Analogy: A person moves in next door to your house. He decides to paint his house with spray cans in a graffiti fashion. This lowers the cost of your house. Should you be able to pass a law stating that he must repaint his house because he deprived you of the money which was lost when your property decreased?

Example question: I have a 3D copier which can infinitely reproduce any physical object out of particles which I own. Would it be right to forbid my use of this machine to eliminate scarcity of food, clothing, and houses just to maintain the cost of current food, clothing, and houses?

This view of copyright/patent enforcement is much like the Luddite fallacy. We have the technology to infinitely reproduce information, but would outlaw it as a Luddite would outlaw mechanized looms in order to preserve the current structure of the economy, rather than letting it shift to better things.
Evo
#65
Jan17-12, 07:48 PM
Mentor
Evo's Avatar
P: 26,423
Quote Quote by MarcoD View Post
It is not going to work unless they'll reduce the whole Internet to 1984-ish security and censorship and everyone knows it.
Protecting property rights, even if it's an ill conceived bill by politicians that don't understand, is not censorship.
jhae2.718
#66
Jan17-12, 07:58 PM
PF Gold
jhae2.718's Avatar
P: 1,153
Quote Quote by Evo View Post
Protecting property rights, even if it's an ill conceived bill by politicians that don't understand, is not censorship.
It is if it includes provisions for removing entire sites. The DMCA had a takedown provision for copyright infringing material. SOPA/PIPA as originally written do not take down the infringing material--they simply suspend access to the entire site.
MarcoD
#67
Jan17-12, 08:00 PM
P: 98
Quote Quote by Evo View Post
Protecting property rights, even if it's an ill conceived bill by politicians that don't understand, is not censorship.
Property is not property anymore unless you can own or protect it. Do I own the air that I breath? No, I don't since nobody has figured out a manner of owning or declaring air property. If the Internet will reduce information, forms of bits, to air -which some may argue it already has,- it ceases to be be property in practical terms which will mean that, at some point in time, it will cease to be property in judicial terms.

(Mind you, Evo, I agree on property rights. It's just that I think the Internet pushes us into an inevatible course on a redefinition of what digital property constitutes.)
jhae2.718
#68
Jan17-12, 08:09 PM
PF Gold
jhae2.718's Avatar
P: 1,153
Quote Quote by Evo View Post
Protecting property rights, even if it's an ill conceived bill by politicians that don't understand, is not censorship.
I'm going to be pedantic again and make the distinction that we are discussing intellectual property rights.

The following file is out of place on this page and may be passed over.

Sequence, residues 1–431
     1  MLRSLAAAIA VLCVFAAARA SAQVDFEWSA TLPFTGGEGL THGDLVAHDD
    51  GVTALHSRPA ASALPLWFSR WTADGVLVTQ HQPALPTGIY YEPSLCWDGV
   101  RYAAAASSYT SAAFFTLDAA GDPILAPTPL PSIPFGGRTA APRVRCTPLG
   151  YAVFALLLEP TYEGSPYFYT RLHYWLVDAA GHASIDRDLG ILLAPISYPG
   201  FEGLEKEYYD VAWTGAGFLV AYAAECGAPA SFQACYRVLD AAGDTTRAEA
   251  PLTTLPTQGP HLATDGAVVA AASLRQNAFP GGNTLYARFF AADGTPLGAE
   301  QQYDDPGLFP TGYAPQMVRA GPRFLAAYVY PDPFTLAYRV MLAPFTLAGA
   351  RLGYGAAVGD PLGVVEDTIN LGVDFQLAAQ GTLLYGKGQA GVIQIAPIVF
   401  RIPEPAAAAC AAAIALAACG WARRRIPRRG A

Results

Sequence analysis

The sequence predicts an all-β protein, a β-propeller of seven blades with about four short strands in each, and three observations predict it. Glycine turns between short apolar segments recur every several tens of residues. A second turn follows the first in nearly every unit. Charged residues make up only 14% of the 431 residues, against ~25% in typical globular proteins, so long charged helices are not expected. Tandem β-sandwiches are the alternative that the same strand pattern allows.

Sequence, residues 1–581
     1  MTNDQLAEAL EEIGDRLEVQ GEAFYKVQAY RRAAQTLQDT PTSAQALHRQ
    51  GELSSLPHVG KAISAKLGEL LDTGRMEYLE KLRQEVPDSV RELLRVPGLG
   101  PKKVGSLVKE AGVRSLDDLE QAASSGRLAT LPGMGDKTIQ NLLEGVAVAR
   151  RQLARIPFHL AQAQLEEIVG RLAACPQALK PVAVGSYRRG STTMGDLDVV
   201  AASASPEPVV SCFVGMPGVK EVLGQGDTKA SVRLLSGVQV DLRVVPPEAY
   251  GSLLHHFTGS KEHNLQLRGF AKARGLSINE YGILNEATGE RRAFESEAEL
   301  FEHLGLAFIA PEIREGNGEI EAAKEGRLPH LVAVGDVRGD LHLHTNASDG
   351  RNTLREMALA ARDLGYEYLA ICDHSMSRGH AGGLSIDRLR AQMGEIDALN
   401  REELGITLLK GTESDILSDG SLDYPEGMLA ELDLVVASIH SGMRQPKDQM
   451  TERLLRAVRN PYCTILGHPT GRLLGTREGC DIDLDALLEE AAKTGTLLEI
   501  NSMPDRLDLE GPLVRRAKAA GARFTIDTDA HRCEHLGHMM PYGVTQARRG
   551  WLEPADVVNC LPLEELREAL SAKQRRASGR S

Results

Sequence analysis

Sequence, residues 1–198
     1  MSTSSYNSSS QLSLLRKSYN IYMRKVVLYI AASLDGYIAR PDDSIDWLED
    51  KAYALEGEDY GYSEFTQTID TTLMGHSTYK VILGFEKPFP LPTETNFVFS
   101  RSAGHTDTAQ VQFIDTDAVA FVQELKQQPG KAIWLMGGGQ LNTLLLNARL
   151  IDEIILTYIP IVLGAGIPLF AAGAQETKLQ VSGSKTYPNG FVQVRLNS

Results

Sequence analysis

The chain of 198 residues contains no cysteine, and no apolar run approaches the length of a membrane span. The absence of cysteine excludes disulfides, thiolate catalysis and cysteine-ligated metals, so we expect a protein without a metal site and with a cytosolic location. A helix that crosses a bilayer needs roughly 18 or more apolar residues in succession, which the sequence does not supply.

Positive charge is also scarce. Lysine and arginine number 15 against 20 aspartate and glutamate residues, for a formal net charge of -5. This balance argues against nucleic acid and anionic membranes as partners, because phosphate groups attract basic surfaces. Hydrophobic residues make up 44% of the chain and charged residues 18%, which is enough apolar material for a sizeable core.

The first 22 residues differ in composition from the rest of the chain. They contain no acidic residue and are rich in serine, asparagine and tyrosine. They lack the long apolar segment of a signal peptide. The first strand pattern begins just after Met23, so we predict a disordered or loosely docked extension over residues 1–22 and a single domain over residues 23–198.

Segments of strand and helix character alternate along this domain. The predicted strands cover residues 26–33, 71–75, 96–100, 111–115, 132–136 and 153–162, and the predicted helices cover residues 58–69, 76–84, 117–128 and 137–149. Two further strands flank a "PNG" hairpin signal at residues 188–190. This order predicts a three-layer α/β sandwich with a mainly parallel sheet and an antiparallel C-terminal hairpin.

Evo
#69
Jan17-12, 08:18 PM
Mentor
Evo's Avatar
P: 26,423
Quote Quote by jhae2.718 View Post
It is if it includes provisions for removing entire sites. The DMCA had a takedown provision for copyright infringing material. SOPA/PIPA as originally written do not take down the infringing material--they simply suspend access to the entire site.
But it's not "censorship".

Censorship is the suppression of speech or other public communication which may be considered objectionable, harmful, sensitive, or inconvenient to the general body of people as determined by a government, media outlet, or other controlling body.
http://en.wikipedia.org/wiki/Censorship
jhae2.718
#70
Jan17-12, 08:30 PM
PF Gold
jhae2.718's Avatar
P: 1,153
Quote Quote by Evo View Post
But it's not "censorship".
Suppose I posted how to remove copy protection of DVDs to make backup copies, which is technically copyright infringement. If that were removed according to SOPA/PIPA (under anti-circumvention proceedings) wouldn't that be:
Quote Quote by Wikipedia
...suppression of speech or other public communication which may be considered objectionable, harmful, sensitive, or inconvenient to the general body of people as determined by a government, media outlet, or other controlling body.
Number Nine
#71
Jan17-12, 08:32 PM
P: 772
Quote Quote by Evo View Post
But it's not "censorship".
http://en.wikipedia.org/wiki/Censorship
A great deal of the criticism surrounds the fact that entire websites can be taken offline before the owners have an opportunity to repeal, and the burden of proof rests largely on them. The fear is, one, that this makes it trivially easy for copyright holders to step beyond the bounds of their copyright and suppress mention of their work arbitrarily, and two, that the system can be easily exploited by anyone to take any website off the air simply by signing up and posting a copyrighted image.

It provides a legal mechanism for private citizens and corporate entities to engage in censorship.
Evo
#72
Jan17-12, 08:33 PM
Mentor
Evo's Avatar
P: 26,423
Quote Quote by jhae2.718 View Post
Suppose I posted how to remove copy protection of DVDs to make backup copies, which is technically copyright infringement. If that were removed according to SOPA/PIPA (under anti-circumvention proceedings) wouldn't that be:
No, it would be illegal, and removing illegal activities is not censorship.


Register to reply

Related Discussions
Interferometer BlackOut General Physics 8
Blackout Bomb Current Events 22
Winter blackout General Discussion 9